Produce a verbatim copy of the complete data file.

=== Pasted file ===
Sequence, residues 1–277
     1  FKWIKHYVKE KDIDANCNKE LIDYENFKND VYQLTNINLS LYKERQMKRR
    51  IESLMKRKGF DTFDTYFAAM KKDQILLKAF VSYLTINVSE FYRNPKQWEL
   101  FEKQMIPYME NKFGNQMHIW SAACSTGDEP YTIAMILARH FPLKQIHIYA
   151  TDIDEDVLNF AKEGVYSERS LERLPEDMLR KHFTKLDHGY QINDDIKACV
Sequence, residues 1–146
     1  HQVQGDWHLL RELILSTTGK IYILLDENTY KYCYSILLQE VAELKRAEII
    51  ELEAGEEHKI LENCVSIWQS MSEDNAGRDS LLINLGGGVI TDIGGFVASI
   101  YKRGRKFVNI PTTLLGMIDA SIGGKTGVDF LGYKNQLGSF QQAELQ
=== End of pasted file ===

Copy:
Sequence, residues 1–277
     1  FKWIKHYVKE KDIDANCNKE LIDYENFKND VYQLTNINLS LYKERQMKRR
    51  IESLMKRKGF DTFDTYFAAM KKDQILLKAF VSYLTINVSE FYRNPKQWEL
   101  FEKQMIPYME NKFGNQMHIW SAACSTGDEP YTIAMILARH FPLKQIHIYA
   151  TDIDEDVLNF AKEGVYSERS LERLPEDMLR KHFTKLDHGY QINDDIKACV
Sequence, residues 1–146
     1  HQVQGDWHLL RELILSTTGK IYILLDENTY KYCYSILLQE VAELKRAEII
    51  ELEAGEEHKI LENCVSIWQS MSEDNAGRDS LLINLGGGVI TDIGGFVASI
   101  YKRGRKFVNI PTTLLGMIDA SIGGKTGVDF LGYKNQLGSF QQAELQ